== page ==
District 120 embraces, generally, Fremont and Libertyville Townships in Lake County, including the Villages of Libertyville and Mundelein. It has been operating two high schools, one in Libertyville and the other in Mundelein. The Libertyville High School is located in the territory described in the complaint the boundaries of which coincide with the attendance boundaries of District 128. On May 16, 1963 a petition was filed with W.C. Petty, County Superintendent of Schools of Lake County, signed by 128 legal voters residing in the territory described in the complaint, in which the said county superintendent, pursuant to the provisions of sections 12-1 to 12-4 of Article 12 of the Illinois School Code was petitioned to call an election in said territory for the purpose of voting for or against the proposition to establish a Community High School for the benefit of the residents of said territory. As required by section 12-4 of the School Code a copy of the petition was forwarded to the State Superintendent of Public Instruction for his consideration. He in turn filed a report in which he held the territory involved to be compact and contiguous and that the petition contained proper facts for submitting to the voters the proposition to establish a community high school in said territory. In addition the report dealt at some length with the financial problems which the proposed new district might encounter. Having determined the petition to be sufficient to meet the requirements of section 12-4, these and the additional observations of the State Superintendent would not appear to be pertinent to the issue we are called upon to resolve. An election was held October 26, 1963 with the following results: 1826 voted in favor of the proposition and 1205 against it. All those voting in the election were legal voters residing in the territory described in the petition. On October 28, 1963 the County Superintendent declared that as a result of the said election the territory described in the petition was duly created into a community high school district which he designated Number 128 of Lake County, Illinois. On November 23, 1963, the individuals named as defendants herein were elected as the Board of Education of said district.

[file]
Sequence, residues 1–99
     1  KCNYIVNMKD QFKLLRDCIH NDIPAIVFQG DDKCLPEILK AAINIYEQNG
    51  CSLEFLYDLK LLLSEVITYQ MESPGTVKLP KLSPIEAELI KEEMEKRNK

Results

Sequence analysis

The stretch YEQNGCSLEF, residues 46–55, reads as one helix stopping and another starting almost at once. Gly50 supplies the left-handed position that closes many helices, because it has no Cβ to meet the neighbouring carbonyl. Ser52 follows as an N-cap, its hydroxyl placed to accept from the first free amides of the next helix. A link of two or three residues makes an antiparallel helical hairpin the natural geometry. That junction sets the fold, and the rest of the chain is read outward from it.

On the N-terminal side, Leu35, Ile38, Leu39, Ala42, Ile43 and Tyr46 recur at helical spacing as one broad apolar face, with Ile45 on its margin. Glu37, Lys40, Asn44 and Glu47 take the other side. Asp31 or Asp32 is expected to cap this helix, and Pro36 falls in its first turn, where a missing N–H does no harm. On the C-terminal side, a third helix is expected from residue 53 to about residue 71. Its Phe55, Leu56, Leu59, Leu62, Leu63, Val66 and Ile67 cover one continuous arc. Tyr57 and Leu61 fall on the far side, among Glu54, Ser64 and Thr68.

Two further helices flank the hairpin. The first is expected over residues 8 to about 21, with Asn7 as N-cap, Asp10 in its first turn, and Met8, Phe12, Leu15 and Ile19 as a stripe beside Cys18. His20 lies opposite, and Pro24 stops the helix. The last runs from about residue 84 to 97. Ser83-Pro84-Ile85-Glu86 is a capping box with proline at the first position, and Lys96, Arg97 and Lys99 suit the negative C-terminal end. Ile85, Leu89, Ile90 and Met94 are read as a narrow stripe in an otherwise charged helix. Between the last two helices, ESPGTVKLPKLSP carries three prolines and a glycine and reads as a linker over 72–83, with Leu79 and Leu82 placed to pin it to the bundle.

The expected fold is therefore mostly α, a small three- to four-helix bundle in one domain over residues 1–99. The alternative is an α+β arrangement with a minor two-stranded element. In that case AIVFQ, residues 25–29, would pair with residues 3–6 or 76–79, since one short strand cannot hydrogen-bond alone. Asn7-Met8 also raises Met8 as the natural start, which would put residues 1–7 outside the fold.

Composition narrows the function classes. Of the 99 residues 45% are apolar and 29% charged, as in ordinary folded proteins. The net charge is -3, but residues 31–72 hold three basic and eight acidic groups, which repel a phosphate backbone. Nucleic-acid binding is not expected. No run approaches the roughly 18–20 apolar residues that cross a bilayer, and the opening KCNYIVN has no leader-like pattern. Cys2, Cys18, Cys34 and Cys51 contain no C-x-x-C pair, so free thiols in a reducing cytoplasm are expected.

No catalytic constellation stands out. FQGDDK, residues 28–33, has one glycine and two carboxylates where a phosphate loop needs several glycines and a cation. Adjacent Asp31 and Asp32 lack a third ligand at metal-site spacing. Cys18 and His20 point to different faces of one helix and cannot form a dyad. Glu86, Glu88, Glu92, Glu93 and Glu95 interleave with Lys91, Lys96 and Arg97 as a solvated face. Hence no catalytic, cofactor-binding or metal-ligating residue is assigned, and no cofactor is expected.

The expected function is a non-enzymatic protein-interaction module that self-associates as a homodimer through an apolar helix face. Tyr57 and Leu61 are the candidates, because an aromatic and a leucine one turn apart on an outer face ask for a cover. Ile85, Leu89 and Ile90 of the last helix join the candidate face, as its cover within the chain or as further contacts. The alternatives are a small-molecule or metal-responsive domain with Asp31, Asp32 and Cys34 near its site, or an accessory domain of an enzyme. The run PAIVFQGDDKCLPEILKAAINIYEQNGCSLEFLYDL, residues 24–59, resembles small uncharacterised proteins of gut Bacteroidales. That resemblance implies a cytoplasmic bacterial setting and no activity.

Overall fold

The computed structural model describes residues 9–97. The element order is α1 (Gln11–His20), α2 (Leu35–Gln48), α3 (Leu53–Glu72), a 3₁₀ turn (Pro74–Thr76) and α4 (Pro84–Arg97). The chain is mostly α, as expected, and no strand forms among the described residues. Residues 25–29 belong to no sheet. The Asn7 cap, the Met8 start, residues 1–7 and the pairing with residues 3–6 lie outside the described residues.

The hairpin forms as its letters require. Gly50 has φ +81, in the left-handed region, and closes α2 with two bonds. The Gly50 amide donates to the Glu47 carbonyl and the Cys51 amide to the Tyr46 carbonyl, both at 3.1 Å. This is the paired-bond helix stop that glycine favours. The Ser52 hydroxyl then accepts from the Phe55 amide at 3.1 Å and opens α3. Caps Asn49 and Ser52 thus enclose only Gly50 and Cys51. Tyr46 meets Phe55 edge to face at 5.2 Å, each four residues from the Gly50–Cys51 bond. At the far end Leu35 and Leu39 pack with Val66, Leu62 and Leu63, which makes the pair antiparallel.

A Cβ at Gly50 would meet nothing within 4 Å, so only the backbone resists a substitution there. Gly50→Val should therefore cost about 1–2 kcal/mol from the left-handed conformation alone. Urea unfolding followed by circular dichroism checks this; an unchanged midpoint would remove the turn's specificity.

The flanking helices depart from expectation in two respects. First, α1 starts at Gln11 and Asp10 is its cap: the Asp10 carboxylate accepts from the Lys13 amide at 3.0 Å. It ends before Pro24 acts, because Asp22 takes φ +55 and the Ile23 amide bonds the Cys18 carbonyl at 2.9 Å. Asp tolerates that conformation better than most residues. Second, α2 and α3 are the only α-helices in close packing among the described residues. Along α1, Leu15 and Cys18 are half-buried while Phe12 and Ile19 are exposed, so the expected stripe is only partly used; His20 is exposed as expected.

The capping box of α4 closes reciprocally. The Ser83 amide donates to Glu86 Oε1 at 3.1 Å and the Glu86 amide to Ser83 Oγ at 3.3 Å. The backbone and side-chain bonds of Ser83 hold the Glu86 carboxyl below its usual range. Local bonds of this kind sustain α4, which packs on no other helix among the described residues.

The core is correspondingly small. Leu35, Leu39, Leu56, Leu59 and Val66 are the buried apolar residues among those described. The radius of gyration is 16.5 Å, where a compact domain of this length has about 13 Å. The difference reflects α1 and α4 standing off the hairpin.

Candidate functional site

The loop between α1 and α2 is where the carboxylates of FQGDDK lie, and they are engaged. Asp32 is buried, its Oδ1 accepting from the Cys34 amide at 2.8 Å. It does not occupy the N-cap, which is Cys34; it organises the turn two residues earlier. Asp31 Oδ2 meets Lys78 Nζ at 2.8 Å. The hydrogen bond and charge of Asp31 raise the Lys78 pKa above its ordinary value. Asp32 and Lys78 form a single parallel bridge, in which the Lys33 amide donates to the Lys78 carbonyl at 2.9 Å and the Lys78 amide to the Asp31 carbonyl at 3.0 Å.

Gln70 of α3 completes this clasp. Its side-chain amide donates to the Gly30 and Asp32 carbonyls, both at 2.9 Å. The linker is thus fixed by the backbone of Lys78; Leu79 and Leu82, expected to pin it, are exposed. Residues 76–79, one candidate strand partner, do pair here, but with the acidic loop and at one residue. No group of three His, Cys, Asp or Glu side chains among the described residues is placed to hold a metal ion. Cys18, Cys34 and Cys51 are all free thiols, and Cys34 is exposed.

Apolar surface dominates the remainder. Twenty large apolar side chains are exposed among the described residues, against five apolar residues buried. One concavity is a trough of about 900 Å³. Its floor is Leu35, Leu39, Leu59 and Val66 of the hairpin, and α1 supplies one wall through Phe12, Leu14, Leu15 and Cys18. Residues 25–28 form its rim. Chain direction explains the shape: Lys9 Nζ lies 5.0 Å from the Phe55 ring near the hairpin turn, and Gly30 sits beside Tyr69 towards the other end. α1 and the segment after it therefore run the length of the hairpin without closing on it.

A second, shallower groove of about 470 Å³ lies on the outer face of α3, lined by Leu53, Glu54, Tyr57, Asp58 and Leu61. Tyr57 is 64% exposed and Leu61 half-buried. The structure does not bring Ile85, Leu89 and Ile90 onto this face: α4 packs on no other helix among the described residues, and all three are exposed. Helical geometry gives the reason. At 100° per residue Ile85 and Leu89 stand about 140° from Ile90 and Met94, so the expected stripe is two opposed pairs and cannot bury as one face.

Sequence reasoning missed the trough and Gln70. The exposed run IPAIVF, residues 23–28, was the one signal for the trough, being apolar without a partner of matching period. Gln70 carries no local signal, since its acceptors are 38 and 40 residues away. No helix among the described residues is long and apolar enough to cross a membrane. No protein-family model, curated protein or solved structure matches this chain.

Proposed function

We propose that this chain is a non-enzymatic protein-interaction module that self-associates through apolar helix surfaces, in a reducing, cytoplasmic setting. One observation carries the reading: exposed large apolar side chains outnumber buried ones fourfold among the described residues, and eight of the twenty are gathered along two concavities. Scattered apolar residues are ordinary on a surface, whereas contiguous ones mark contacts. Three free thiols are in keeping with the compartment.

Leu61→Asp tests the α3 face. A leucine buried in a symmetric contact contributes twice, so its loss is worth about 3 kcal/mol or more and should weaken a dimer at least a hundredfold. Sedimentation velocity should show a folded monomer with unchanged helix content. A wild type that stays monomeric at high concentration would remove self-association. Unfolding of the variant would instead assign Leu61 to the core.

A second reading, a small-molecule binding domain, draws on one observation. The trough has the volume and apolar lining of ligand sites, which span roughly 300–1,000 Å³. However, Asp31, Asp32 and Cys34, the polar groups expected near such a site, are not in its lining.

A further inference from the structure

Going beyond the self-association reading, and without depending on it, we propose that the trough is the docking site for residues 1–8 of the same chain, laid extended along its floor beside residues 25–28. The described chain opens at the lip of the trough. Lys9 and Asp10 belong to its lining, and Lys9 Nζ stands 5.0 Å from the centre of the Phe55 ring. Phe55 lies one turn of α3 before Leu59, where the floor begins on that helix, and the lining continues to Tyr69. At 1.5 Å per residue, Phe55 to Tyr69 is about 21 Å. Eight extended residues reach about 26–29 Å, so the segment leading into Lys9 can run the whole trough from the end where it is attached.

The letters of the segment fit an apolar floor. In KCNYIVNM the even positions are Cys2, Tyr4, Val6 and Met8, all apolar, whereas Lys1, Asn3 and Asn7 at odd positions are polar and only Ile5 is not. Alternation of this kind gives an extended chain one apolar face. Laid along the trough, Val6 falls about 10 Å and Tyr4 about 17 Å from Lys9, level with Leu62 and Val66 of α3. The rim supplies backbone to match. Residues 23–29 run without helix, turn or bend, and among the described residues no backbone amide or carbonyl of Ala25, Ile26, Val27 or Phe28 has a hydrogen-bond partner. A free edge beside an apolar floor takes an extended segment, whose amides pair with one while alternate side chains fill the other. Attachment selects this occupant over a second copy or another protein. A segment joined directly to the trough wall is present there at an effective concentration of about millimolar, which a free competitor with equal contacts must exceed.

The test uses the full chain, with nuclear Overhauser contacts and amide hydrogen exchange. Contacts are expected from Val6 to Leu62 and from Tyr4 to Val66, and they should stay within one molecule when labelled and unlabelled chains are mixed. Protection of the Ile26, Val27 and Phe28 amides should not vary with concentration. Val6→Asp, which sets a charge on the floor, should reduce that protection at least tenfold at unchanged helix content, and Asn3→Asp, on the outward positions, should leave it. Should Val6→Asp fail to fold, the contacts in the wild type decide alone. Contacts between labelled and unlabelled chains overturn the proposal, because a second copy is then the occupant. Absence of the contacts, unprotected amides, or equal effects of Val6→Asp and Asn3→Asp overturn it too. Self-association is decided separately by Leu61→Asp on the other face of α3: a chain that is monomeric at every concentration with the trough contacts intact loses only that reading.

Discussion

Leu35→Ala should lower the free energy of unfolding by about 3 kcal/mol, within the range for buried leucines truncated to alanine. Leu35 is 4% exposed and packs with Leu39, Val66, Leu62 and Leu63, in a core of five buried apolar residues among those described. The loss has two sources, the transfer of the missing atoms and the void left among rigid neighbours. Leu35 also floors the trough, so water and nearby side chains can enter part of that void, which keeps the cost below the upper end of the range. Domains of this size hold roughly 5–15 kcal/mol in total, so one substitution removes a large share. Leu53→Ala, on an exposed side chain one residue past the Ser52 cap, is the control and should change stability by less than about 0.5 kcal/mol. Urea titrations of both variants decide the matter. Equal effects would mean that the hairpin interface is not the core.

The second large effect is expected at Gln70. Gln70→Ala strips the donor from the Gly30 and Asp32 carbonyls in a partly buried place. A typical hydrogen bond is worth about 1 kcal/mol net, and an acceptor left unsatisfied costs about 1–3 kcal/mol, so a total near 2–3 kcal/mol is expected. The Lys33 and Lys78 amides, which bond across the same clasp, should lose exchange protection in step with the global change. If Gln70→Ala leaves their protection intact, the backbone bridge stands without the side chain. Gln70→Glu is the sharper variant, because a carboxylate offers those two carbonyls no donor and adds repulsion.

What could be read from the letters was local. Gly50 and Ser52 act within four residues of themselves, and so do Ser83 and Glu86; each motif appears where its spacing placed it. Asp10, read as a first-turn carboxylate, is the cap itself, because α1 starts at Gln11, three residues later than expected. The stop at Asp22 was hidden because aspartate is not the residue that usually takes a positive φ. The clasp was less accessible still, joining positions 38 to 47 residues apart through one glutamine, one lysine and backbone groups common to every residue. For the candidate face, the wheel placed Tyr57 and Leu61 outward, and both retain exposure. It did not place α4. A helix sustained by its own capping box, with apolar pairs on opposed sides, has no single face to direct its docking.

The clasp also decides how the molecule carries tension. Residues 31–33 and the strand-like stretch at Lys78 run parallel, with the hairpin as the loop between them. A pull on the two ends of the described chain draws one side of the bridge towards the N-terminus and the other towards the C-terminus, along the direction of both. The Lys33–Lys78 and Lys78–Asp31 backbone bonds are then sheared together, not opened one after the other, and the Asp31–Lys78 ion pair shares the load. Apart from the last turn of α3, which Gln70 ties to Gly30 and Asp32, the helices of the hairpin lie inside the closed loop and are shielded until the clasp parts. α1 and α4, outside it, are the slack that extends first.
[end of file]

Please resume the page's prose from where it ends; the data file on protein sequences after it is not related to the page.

The basic question involved in this case may be thus stated: Does the Community High School District Act (Article 12, sections 12-1 to 12-4 of the School Code) allow the inclusion of territory of an operating high school district within the boundaries of a new community high school district?

Section 12-1 of the School Code is as follows:

"Upon receipt of a petition signed by 100 or more voters residing in any contiguous and compact territory having a population of not less than 2000 persons and an equalized assessed valuation of not less than $6,000,000 based upon full, fair cash value as equalized or assessed by the Department of Revenue for the year immediately prior to the filing of said petition, whether in the same or different townships described in the petition and after compliance with Section 12-4, the county superintendent of schools of the county in which the territory or the greater part thereof is situated shall order an election to be held for the purpose of voting for or against the proposition to establish a community high school. . . ." Ill Rev Stats 1963, chap 122, 21-1.

That in establishing District 128 full compliance was had with the code sections 12-1 to 12-4 appears to be conceded by plaintiff. However, it is contended that the authority to establish a community high school as set out in said sections of the code may not be exercised where, as in this case, the territory involved is a part of an existing high school district. Plaintiff insists that under such conditions the applicable authority is that found only in section 7-1 Article 7 of the School Code. The portion of said section referred to reads as follows: